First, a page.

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This website is about Brazilian jiu jitsu (BJJ). I'm a black belt who started in 2006, teaching and training at Artemis BJJ in Bristol, UK. All content ©Can Sönmez

21 July 2013

Gi Review - Pro Series 2.0 (Flow Kimonos)

Short Review: This is a lightweight gi, with a 420gsm pearl weave jacket and ripstop trousers. Though there are a few patches and some embroidered text (attractively combining yellow, white and grey), in general the Pro Series 2.0 is a relatively minimalist gi. Flow Kimonos have attempted to cater to a broader range of sizes, with L (tall) and H (heavy) options in addition to the standard A measurements (but only for certain sizes). The jacket is a little abrasive, but that may reduce with repeated washes. Available to buy here for $135 in white or black ($10 extra).

Full Review: Flow Kimonos are based in Boston, started by Jonathan Leung in January 2012. They have a stated mission to "do our best to leave this planet close to how we found it", reflected by how their interest in using organic cotton is highlighted on the site. They are also one of the very few companies investing in hemp gis. Although the Flow Kimonos hemp gi is not yet available, I'll be interested to see how it performs upon release, particularly as the currently advertised price is a little lower than their competitors. Flow Kimonos hemp belts are for sale, but use a hemp/cotton blend (by contrast to the gi: the statistics proudly proclaim the jacket and trousers will both be 100% hemp).

There are numerous other aims and mission statements on the 'about us' page, a level of detail which perhaps reflects the need for gi brands to mark themselves out from the increasingly saturated gi market (a recent topic of discussion in the BJJ online community, such as on reddit and LinkedIn). For at least the past decade, perhaps longer, gi companies have increasingly focused on fashion rather than function: the best example is Shoyoroll, who charge huge prices but appear to rely on limited batches with minor variations in colour and embroidery. There's nothing wrong with that if people are willing to buy their product, but it suggests an opportunity for gi companies willing to put more effort into other areas.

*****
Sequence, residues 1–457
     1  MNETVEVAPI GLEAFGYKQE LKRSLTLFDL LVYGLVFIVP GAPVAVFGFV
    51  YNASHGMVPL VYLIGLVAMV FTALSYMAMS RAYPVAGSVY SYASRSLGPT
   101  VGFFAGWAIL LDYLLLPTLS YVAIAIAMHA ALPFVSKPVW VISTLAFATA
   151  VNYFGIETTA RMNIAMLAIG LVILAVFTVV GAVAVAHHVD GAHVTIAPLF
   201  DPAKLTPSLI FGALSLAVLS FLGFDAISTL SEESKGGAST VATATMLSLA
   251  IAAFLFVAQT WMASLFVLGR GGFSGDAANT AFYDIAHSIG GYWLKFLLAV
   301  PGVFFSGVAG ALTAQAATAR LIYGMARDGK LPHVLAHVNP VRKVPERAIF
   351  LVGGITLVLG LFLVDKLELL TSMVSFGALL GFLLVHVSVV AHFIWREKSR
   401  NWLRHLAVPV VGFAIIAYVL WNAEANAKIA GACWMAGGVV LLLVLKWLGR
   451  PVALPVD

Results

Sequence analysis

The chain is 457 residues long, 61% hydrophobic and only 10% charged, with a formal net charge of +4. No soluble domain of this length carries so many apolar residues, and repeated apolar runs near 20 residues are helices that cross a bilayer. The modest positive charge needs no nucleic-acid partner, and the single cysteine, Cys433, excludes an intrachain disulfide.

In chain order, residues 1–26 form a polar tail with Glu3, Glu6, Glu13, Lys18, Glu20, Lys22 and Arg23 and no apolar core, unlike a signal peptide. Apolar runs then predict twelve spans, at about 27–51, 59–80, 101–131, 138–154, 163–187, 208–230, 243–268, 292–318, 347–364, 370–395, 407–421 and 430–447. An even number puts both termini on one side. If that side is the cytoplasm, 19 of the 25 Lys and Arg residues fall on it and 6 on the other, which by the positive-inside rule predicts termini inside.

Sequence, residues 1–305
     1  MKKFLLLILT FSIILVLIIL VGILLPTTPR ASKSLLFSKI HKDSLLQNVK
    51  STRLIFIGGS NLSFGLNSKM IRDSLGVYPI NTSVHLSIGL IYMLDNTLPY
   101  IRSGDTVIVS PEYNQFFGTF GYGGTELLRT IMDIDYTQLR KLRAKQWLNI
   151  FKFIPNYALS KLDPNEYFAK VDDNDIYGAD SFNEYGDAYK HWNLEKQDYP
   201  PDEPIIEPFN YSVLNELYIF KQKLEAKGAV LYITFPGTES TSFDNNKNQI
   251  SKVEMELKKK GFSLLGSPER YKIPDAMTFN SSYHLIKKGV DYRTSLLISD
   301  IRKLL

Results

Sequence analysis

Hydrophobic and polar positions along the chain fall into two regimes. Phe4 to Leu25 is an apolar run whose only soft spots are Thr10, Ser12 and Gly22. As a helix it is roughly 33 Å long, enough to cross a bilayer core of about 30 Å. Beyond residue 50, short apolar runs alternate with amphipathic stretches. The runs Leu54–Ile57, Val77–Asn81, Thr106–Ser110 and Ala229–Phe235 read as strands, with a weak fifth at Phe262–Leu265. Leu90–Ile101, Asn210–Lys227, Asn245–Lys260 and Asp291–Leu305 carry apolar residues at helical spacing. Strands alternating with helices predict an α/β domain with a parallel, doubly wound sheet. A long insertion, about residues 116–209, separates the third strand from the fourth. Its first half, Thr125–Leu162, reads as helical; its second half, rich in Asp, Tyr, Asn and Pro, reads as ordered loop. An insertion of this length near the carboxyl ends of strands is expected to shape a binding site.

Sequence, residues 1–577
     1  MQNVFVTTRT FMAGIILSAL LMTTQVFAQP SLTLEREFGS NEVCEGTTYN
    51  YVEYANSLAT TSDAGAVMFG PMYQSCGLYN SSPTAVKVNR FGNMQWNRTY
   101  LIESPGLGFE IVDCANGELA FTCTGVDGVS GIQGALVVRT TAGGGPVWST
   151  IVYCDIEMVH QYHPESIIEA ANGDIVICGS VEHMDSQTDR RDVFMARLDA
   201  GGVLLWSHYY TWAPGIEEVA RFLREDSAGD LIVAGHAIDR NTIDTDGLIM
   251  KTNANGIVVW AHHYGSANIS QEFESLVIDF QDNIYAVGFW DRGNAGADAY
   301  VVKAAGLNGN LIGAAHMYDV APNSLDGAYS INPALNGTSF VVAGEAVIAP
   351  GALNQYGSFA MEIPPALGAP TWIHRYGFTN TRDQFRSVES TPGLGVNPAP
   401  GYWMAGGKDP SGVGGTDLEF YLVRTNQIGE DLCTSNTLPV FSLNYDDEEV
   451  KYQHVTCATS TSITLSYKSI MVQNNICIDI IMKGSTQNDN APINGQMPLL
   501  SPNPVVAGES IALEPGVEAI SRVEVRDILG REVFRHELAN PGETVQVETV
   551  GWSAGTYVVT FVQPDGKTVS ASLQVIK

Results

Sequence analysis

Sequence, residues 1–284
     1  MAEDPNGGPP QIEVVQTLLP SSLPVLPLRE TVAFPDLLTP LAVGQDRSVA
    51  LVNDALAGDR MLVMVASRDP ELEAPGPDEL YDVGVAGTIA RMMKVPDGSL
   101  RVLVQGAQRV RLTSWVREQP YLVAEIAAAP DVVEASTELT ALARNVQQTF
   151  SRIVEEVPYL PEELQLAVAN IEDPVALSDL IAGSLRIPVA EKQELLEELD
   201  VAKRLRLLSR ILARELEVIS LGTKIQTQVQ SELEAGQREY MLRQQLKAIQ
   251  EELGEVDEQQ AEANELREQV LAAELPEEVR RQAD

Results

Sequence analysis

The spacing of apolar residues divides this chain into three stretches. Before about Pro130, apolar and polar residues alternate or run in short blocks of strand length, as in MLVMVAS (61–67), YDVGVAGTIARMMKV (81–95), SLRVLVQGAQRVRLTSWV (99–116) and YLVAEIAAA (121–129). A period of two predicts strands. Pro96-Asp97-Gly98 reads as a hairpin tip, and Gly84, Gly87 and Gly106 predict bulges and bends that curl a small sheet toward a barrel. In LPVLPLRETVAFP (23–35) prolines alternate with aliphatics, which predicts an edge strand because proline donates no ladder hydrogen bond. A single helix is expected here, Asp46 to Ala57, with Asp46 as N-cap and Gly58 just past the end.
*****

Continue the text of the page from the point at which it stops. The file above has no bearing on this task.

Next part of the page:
Flow Kimonos are positioning themselves as an ethical brand, with some similar sentiments on their website to brands like Datsusara and the Green Gi (who not coincidentally both sell hemp gis as well). Sustainability is emphasised, as interestingly is community service. This is something Fenom do very well, with open mats, seminars and competitions aimed at encouraging and supporting women. Tatami have also made significant contributions to charity events: for example, the GrappleThons were greatly enhanced by their support.

It's great to read Flow Kimonos are planning to get involved in the community as well, so I look forward to seeing what they come up with. This is what Leung had to say on that topic in an email:

We've donated a batch of hemp belts to support TCO's initial fund raising effort. Andy, FK'S cofounder, who is based out of LA now, is looking to hook up with a BJJ tournament circuit as a sponsor. He is also planning on supporting a women's traveling open mat group in south California.

As we start to make more money, we will be able to reinvest the profits into more and more community projects. We are also sponsoring lower belts to help them reach their goals. I feel like a lot of the higher belts are further along in their goals, so it's more important to help out the guys just starting out.

The Pro Series 2.0 is described by Flow Kimonos as their "flagship competition gi". The jacket is a fairly light 420gsm pearl weave, comparable to the Kingz Ripstop v1, but not at the levels of Gorilla (250gsm) or the Tatami Sub Zero (350gsm). The material felt somewhat abrasive (particularly compared to the soft Sub Zero) initially, which I could feel on my shoulder during some extended running escape drilling a few weeks ago, but that may lessen over time.